Musician, singer, producer, studio owner, bandleader, songwriter is there anything Rhonda Vincent can't do? Apparently not, and her new album, "All American Bluegrass Girl," showcases every one of the "hats" she wears.
Rhonda not only produced the album, she also recorded it in her just-opened Nashville recording studio, Adventure Studios. Of course, she led the members of her top-notch band The Rage on the recording and contributed her own fine musical talents. Rhonda, it seems, can play anything that has strings. Her vocal talents have won her six consecutive Female Vocalist of the Year awards from the International Bluegrass Music Association. Rhonda also contributed three songs of her own to the album: the title track, the poetic and moving "God Bless the Soldier," and the sprightly instrumental "Ashes of Mount Augustine."
Rhonda says the opener, "All American Bluegrass Girl," is her own story. "I worked hard on it, to make it real and true," she explains. The patriotism and honesty of the lyrics establish a theme for the album that is reflected most movingly in "God Bless the Soldier."
"I wrote this song after a visit to the nation's largest military base, in Fort Hood, Texas," she recalls. "I was not prepared for the impact that visit would have on my life. We visited a military hospital, where we met with patients who were active-duty soldiers, just back from Iraq. I was amazed at how appreciative they were of our visit. Some were just out of surgery, others on their way to be discharged from the hospital. But all were anxious to see us, and thanked us for taking time to see them. I felt it the other way around."
Other standout tracks include a striking version of the Roy Acuff classic "Precious Jewel," a stunning guest appearance by Dolly Parton on "Heartbreaker's Alibi," and a duet with bluegrass great Bobby Osborne on "Midnight Angel."
Rhonda Vincent has been onstage since age 5, learning her art with her family's band, the Sally Mountain Show. She released her first single, an exhilarating, driving arrangement of "Mule Skinner Blues," at age 8. If anyone can claim the title of "All American Bluegrass Girl," it's Rhonda Vincent. In her new album, she does just that.
QUIBBLES 'N BITS
Catch of the Day Dept.: Hank Williams Jr. took Lee Ann Womack fishing on one of those group charter boats off the Florida Panhandle to get video footage for an upcoming CMT special on Bocephus. Well, apparently Lee Ann hasn't often held a fishing pole that actually had a fish on the line. "It almost pulled me out of the boat two different times," she says. "Ten guys just grabbed me before I went over the side of the boat. I had no idea it would be a force that strong." So what ended up on her stringer? "A snapper and a grouper and one other thing I can't remember the name of." The special, "CMT In the Moment: Hank Williams Jr.," is set to debut June 17.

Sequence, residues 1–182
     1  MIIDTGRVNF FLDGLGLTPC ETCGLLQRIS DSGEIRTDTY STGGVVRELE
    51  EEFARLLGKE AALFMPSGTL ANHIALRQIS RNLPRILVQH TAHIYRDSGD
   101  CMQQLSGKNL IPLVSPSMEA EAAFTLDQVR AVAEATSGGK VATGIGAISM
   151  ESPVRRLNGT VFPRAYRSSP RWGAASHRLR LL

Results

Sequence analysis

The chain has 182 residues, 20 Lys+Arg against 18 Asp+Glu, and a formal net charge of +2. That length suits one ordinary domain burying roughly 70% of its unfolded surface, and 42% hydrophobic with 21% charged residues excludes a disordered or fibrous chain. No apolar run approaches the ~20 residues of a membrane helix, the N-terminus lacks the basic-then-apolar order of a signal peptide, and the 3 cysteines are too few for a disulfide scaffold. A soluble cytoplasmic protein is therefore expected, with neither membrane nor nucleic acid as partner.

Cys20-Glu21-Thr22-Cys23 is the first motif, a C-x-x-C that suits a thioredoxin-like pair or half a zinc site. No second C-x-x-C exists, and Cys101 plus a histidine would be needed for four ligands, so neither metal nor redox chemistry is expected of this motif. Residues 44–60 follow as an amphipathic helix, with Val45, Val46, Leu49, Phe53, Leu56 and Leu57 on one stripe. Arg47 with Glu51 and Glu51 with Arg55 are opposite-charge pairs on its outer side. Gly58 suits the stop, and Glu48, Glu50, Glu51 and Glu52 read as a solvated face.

She Was Country Dept.: Some of country music's biggest stars are making a tribute album to Barbara Mandrell. Of course, the album's title is "She Was Country When Country Wasn't Cool: A Tribute to Barbara Mandrell." Reba McEntire and Kenny Chesney duet on "I Was Country When Country Wasn't Cool"; Brad Paisley is doing "In Times Like These"; Terri Clark does "Sleeping Single in a Double Bed"; Lorrie Morgan turns in "That's What Friends Are For"; Dierks Bentley covers "Fast Lanes and Country Roads"; and there's a duet by Willie Nelson and Shelby Lynne of "This Time I Almost Made It." The album is due out Oct. 10. There is some talk of a companion TV special, but details aren't available yet.
Rough Cuts Quote of the Week: "It's not the end of tank tops." Cyndi Thomson ("What I Really Meant to Say"), on her change of heart about getting completely out of the music business. Three years ago, Cyndi announced she was out, but now she's back in. Cyndi, who was known for her slinky wardrobe, was answering a question about her onstage wardrobe, given the fact that she's now the mother of a 14-month-old.
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